London is known for many things, but what makes it really stand out is this capital’s rich history. However, history does not have to be limited to statues or architecture – it can also include things like music venues which have been open since 1942 like The 100 Club, or Indian Afternoon Tea, an experience which dates back to 1840 when it was introduced by Anna, the seventh Duchess of Bedford. Another prime example of London’s depth of history are its historic pubs – public houses which have been serving ale for much longer than many a Park Grand Restaurant patrons will have even been alive for! Here is a guide to London’s oldest pubs, offering you the opportunity to see history through the bubbles of your pint.
King William IV
A short downhill walk from Hampstead Station, you will find the traditional pub King WIlliam IV, steeped in history not just because its Grade II listed building, or even the fact that it has been there for over 200 years. It is also one of London’s oldest gay bars, which has been popular since the 1930s – though everyone is welcome now and you will find a diverse range of consumers. The food is simple but tasty, and the range of drinks is impressive and affordable. The perfect spot to pop into after an afternoon stroll in Hampstead Heath.
Address: 77 Hampstead High St, Hampstead, London NW3 1RE
Lamb & Flag
Built in 1772 and tucked away down a side street, yet undeniably present in Covent Garden, is the Lamb & Flag, a small and rustic pub which has the look and feel of something that has been around for a while (in the good, history-dense way, that is). One thing to remember about history is that it is not always bloodless, yet the significance remains something enriching to know about. For instance, the spot on which the pub was built marks the spot where poet John Dryden was nearly killed. In fact, the alley leading to this pub was such a hotspot for fighting over the years that Lamb & Flag was also known as The Bucket of Blood colloquially. Nowadays, it is a smashing place to grab a glass of wine or a pint with friends and learn of the woes and troubles that once passed through these walls.
Address: 33 Rose St, Covent Garden, London WC2E 9EB
The George Inn
The George Inn is a historically significant pub not only because it has been around since at least 1677 when it was rebuilt after a fire, but also because famous literary figures used to do their drinking here. For instance, it is thought that Shakespeare frequented it, as well as Charles Dickens, who directly references is in Little Dorrit. In the Elizabethian period, the inns were used to put on theatrical performances. They tick all the boxes when it comes to pub food – especially as it is now a Greene King Pub – and is a relaxing, comfortable space to sip on a pale ale or a sparkling wine… whatever your pick! Perhaps you will find yourself inspired in the haunts of the greats to start doing some writing.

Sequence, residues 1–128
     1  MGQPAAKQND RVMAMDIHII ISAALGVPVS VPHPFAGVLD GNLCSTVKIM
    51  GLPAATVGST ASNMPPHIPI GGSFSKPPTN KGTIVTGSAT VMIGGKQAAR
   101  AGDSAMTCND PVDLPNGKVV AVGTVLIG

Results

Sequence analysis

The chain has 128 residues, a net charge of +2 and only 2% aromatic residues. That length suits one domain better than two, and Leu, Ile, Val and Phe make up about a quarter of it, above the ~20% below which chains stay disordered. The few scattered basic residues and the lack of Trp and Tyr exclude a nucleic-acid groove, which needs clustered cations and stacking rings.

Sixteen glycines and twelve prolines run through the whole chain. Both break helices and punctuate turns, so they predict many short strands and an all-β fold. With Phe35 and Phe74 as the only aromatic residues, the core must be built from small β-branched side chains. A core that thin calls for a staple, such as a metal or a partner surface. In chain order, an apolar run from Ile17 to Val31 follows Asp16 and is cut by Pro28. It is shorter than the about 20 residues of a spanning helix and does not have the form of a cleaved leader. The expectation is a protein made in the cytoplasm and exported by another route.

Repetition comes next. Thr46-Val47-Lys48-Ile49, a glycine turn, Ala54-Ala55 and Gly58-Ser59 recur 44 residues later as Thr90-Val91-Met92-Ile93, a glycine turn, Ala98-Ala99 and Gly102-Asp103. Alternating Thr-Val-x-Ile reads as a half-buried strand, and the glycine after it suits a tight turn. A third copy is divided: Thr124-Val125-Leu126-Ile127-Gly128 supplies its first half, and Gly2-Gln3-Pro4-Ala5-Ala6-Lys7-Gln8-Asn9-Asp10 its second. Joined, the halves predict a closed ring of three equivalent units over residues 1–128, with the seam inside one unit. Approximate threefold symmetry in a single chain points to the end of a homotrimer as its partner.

Address: 75-77 Borough High St, London SE1 1NH
The Fitzroy Tavern has done the rounds in terms of ownership. Known as Fitzroy Coffee House when it was built in 1883, and converted into a pub called The Hundred Marks in 1887, it has now been The Fitzroy Tavern since 1919. It has historically been a meeting place for intellectuals and creatives over the years – expected, considering its prime location in central London’s Fitzrovia. These included Welsh poet Dylan Thomas and English novelist George Orwell – at the time, both were working at the BBC offices and so its proximity was ideal.
Address: 16 Charlotte St, Fitzrovia, London W1T 2LY
Prospect of Whitby
Prospect of Whitby is slightly further east from The Park Grand Kensington, but has been around since 1520 – so given its old age, you really ought to respect your elders! This historic pub on the banks of The River Thames holds the status of being the oldest riverside tavern site in London. Think about it: from sailors, smugglers and cut throats, to British movie stars and politicians, 400 years gives enough time for thousands of important feed to have stepped over the Prospect of Whitby’s threshhold.
Address: 57 Wapping Wall, Wapping, London E1W 3SH
The Old Bell
The Old Bell is absolutely brimful of historical significance, starting with the fact that it was built by Sir Christopher Wren for his masons and finishing with the fact that it has been on Fleet Street since the 17th century. They are also known, in more recent times, for serving up some of the best pub classics and especially pies in London.
Address: 95 Fleet St, London EC4Y 1DH
The Grapes in Limehouse is not only historically significant in having been around since 1583 and being frequented by the likes of Charles Dickens, who refers to it in his novel Our Mutual Friend, but it is making its own history as it goes along based on the fact that it is currently owned by actor Sir Ian McKellen, theatre and film director Sean Mathias, and publisher of the Evening Standard newspaper, Evgeny Lebedev. Drinking in The Grapes is like being a part of a history book which is continuously being written.
Address: 76 Narrow St, Poplar, London E14 8BP
There are no pub shortages in London, and a lot of the time you will find that even the newer ones were previously historic pubs that just weren’t generating enough income to keep afloat. Here is just a small sample, but if you made time to visit just a couple of them between meals at Park Grand Restaurant London and enjoying the perks that come with Accommodation in Kensington London like the Natural History Museum on your doorstep or the iconic department store Harrods just around the corner, you will find they are a shining example of the historic